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Tumbesian Region

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Tumbesian Region

Duration: 14 Days / 13 Nights

Approximate number of species seen during the trip: 450 to 500


Educational Features

  • Lecture in Quito for an Introduction to the birds of Ecuador given by recognized members of the Ecuadorian Association of Ornithology.
  • Site Lectures at Buenaventura and Jorupe reserve about Critically-endangered species and its conservation efforts.

Tumbesian Region: Program Overview

The Tumbesian lowlands are considered as an Endemic Bird Area by BirdLife International due to its concentration of restricted-range birds and great vegetation diversity. At least 18 distinct vegetation types have been identified in this region, primarily grouped into deciduous and semi-evergreen lowland forest and arid scrub formations as well as a variety of habitats along foothill and Montane forests. These areas support a very high proportion of unique forms and comprise one of the most threatened habitats in South America. Some of these unique forms are the Ecuadorian Tapaculo and El Oro Parakeet. Ecuador has more than 50 Tumbesian endemics.

Altitude Range

Tumbesian lowlands starting from 50 m / 164 ft to 2600 m / 8500 ft above sea level. Southwestern Montane habitats ranging from tree line at 3600 m / 11811 ft in the eastern foothills at 900m / 2950 ft above sea level.

Trail Conditions

Moderate to Difficult.

Traveled area (Habitats)

Tropical Deciduous Forest, Mangrove Forest, Southwestern Lower Montane and Foothill Forest, Southwestern Middle Montane Forest, Andean Montane Scrub, Elfin Forest, Upper Montane Forest, Temperate Forest, Páramo Grassland.



The rainy season extends from late December to early May however birding is good year round. During the rainy season some places can be restricted due to accessibility.

Itinerary – Day by Day

Day 1: Arrival in Guayaquil. Greeting at the airport and transfer to your hotel.

Day 2: Cerro Blanco – Puerto Hondo

Trail Conditions: Easy Early breakfast. Briefing and introduction to the program. Depart from the hotel to Cerro Blanco, located approximately 20 minutes away from Guayaquil. This reserve is composed of deciduous forest, and it lies between the Tumbesian Endemic Bird Area. You will bird this area for approx. 4 hours. The common birds seen in this area are: the Ecuadorian Ground-Dove, Croaking Ground-Dove, Gray-cheeked Parakeet, Pacific Parrotlet, Pacific Pygmy-Owl, Ecuadorian Trogon, Blue-crowned Motmot, Streak-headed Woodcreeper, Yellow-olive Flatbill, Bran-colored Flycatcher, Streaked Flycatcher, Fasciated Wren, Superciliated Wren , Streaked Saltator, Scrub Blackbird and Ecuadorian Thrush. Continue to the mangrove estuary of Puerto Hondo, here by paddle canoe you will look for Rufous-necked Wood-Rail, Red-lored Amazon, Mangrove Warbler, Great-tailed Grackle among others. Drive back to Guayaquil. In the evening enjoy at the hotel an informative lecture about the Birds of Ecuador given by a local expert. (Meals: B, XL)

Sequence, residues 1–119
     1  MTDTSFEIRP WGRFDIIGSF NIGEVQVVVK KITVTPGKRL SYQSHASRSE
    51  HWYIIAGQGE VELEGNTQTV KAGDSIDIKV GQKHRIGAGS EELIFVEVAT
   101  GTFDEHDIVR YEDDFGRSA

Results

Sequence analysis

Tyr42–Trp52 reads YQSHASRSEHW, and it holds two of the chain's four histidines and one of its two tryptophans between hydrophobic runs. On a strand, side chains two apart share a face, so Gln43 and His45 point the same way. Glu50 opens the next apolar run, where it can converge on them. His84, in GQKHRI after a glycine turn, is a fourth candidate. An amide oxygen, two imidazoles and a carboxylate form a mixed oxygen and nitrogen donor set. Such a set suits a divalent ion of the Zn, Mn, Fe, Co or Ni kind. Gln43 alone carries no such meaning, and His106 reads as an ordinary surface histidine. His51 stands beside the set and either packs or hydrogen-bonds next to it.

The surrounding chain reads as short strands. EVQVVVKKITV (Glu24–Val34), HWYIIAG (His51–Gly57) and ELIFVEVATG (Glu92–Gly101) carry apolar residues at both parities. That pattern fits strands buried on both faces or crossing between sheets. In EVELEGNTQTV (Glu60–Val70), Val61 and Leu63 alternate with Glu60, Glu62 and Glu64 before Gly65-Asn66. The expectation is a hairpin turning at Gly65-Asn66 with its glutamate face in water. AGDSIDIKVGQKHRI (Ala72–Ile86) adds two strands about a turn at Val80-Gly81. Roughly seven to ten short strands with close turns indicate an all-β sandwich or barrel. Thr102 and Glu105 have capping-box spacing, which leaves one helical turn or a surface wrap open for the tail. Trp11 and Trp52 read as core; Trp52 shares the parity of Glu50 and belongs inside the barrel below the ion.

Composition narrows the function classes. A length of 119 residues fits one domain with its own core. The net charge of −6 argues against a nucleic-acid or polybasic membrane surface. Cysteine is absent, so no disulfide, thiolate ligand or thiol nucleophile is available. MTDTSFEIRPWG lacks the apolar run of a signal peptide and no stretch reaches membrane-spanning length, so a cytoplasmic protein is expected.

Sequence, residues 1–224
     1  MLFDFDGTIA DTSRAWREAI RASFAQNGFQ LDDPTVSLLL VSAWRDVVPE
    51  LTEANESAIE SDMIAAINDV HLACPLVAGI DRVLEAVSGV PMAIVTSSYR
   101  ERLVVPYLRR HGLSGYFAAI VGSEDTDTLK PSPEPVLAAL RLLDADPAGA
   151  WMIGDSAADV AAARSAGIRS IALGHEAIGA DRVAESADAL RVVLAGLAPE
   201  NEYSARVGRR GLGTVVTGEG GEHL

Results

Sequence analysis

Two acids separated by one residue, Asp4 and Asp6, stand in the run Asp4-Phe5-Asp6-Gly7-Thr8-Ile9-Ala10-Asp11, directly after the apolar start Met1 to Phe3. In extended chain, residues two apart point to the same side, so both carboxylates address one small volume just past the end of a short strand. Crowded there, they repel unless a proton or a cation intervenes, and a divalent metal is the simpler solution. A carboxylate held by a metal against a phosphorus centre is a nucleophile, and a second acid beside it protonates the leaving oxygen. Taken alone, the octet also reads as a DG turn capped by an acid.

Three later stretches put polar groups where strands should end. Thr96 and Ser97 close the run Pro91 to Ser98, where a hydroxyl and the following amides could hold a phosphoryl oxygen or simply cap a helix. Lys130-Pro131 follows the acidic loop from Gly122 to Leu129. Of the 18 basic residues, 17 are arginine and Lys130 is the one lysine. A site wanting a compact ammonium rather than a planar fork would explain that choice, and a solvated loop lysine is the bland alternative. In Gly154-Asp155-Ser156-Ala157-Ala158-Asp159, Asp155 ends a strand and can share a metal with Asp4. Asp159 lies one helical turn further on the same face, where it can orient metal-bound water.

Day 3: Guayaquil – Manglares Churute –Buenaventura

Trail Conditions: Moderate Drive 1 hour from Guayaquil to visit Manglares Churute reserve, a 49.000 ha reserve containing deciduous, moist lowland forest and mangrove estuaries. Birding time around 3 to 4 hours on three different stops looking for Striated Heron, Snail Kite, Northern-crested Caracara, Eared Dove, Striped Cuckoo, Pacific Hornero, Amazilia Hummingbird, Blue-crowned Motmot, Golden-olive Woodpecker, Lineated Woodpecker, Southern Beardless-Tyrannulet, Tawny-crowned Pygmy-Tyrant, Common Tody-Flycatcher, Chestnut-throated Seedeater among others. Continue driving for around 2 1/2 hours towards the Buenaventura reserve in the subtropical area of El Oro province. This reserve is located near Piñas and Zaruma. The area is renowned for being one of the ornithological richest and easily accessible sites in Ecuador. It protects a narrow zone of cloud forest habitat on the otherwise seasonally dry west slope of the Andes in Southern Ecuador. This reserve is home to El Oro Parakeet and El Oro Tapaculo, both of which are rare, critically endangered species endemic to Ecuador. Other important birds are: The most reliable Leck for Long wattled umbrellabird, Club winged Manakin, Song wren, Rufous headed Chachalaca and others. (Meals: B, L, D)